Saturday, June 20, 2015

Chapter 14 - Jackson to Idaho Falls, Idaho

Friday, June 19th:
We mentioned in our chapter yesterday that Kathy and I decided not to try crossing the Teton Pass as the road up to the summit was too long and steep and we were worried that we might damage our car's transmission.  Our alternate route roughly follows the Snake River down to the south of Jackson and then turns northwest and flows on to Idaho Falls, Idaho. This alternate route was only around 20 miles longer and as it turned out it may very well have been a much more scenic route. Furthermore, since we were basically driving in the same direction as the flow of the river, much of our drive was downhill and as we later determined the elevation of Idaho Falls at 4,700 feet, was approximately 1,500 feet below Jackson. I remember an old Donald Duck cartoon wherein Donald set out to roller skate to Florida because according to his map, Florida was downhill from his home. We may have followed the Snake River as it flowed downhill, but there sure were a lot of sections of our highway that went steeply uphill so if nothing else, this again proves that Donald's theory was false. Unfortunately picture taking along much of the Snake River was difficult because we were on a two lane road and what few pulls off there were did not offer good photo opportunities. This photo of Kathy and Cabo was taken at a section of the river that was dammed thereby creating the very popular Palisades Reservoir.

The Snake River is very important in American history once again because it played a major role in the Oregon Trail. Settlers left the North Platte River just south of Casper, Wyoming and then followed the Sweetwater River west until they reached the river's source near the Continental Divide. The settlers then crossed through the South Pass at an elevation of 7,411 feet and continued on into southeast Idaho where they connected with the Snake River about 40 miles south of our campsite here in Idaho Falls.  Our campsite bears the name Snake River RV Park although it is not actually directly on the river.  The Oregon Trail then followed the Snake River westward until at some point they left the Snake and continued on up to the Columbia River in northeast Oregon. It is our plan over the next week or so to follow the Snake River pretty much on the route of the wagon trains back in the mid-19th century. The above map clearly shows that the source of the Snake River was in the mountains north of Jackson. The route of the river as it flows westward from Jackson to Idaho Falls pretty much mirrors our drive today to Idaho Falls, Idaho.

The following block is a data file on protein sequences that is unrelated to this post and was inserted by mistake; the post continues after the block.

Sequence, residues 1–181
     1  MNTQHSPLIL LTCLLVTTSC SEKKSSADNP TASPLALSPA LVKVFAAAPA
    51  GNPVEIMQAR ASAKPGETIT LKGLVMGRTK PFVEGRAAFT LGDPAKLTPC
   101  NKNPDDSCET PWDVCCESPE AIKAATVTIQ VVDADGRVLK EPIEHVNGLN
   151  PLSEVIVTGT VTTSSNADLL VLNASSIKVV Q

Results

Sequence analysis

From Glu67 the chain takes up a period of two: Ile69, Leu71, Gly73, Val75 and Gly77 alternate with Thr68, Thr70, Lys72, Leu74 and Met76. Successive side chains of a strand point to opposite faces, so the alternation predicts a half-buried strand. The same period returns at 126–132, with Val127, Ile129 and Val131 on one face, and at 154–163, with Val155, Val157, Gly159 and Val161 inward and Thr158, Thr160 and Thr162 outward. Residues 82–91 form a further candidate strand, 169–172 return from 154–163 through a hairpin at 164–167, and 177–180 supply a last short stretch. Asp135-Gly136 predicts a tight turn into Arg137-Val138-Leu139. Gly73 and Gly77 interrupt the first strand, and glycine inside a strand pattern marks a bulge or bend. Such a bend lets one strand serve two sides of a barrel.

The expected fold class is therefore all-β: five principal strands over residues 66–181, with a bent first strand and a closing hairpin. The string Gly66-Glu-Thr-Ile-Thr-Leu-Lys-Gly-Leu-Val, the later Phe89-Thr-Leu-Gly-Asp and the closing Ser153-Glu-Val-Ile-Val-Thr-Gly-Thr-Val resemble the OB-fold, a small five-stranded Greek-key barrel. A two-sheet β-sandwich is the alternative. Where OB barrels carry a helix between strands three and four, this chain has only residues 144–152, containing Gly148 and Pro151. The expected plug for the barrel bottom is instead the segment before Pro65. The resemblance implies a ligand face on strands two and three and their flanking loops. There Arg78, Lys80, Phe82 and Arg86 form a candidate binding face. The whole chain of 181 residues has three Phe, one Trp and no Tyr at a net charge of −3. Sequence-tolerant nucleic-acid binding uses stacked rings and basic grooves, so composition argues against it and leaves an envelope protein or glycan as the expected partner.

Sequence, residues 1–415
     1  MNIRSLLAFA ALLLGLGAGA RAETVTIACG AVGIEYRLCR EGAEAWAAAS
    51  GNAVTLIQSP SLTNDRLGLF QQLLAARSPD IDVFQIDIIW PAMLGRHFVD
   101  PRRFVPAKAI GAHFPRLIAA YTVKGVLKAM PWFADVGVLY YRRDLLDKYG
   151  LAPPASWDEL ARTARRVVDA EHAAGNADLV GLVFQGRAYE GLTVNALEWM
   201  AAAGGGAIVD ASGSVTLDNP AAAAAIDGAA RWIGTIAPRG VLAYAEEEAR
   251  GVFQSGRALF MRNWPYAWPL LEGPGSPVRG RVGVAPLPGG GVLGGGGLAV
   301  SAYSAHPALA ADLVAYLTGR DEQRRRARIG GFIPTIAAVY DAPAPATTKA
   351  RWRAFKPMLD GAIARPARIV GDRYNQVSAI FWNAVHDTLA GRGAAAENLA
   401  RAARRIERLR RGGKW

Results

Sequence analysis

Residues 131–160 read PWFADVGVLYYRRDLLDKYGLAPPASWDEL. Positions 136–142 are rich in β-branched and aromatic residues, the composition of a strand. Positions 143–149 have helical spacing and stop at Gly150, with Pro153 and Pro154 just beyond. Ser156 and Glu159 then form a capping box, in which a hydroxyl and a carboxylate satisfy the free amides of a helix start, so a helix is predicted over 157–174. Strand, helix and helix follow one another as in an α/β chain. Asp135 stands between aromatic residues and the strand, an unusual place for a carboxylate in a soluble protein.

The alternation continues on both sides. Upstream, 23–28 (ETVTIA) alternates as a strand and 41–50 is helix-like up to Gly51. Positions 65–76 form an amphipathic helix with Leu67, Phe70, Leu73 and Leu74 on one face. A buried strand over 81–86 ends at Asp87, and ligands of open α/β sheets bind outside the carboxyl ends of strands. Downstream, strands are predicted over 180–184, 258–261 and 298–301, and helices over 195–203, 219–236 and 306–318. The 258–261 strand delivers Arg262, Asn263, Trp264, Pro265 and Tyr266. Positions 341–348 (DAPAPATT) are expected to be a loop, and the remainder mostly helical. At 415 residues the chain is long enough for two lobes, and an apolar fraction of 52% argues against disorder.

Saturday, June 20th:
The weather here in Idaho Falls continues to be near perfect with temperatures last night dropping to around 50 degrees and today the sun is shining and we expect the temperature to rise to a high of only 84 degrees. The humidity is projected to be only around 30% which is quite a departure from what we would be experiencing had we spent the summer in Florida.  Yesterday afternoon we drove to downtown Idaho Falls to look around although a stop at Walmart was our major activity.  This morning however, our plan is to visit the "famous" Idaho Falls' Farmer's Market which is held every Saturday morning during the warmer months, and then spend time walking along the banks of the Snake River as it makes it way through Idaho Falls. There is a wonderful park along both sides of the river that the city has named the "Greenbelt".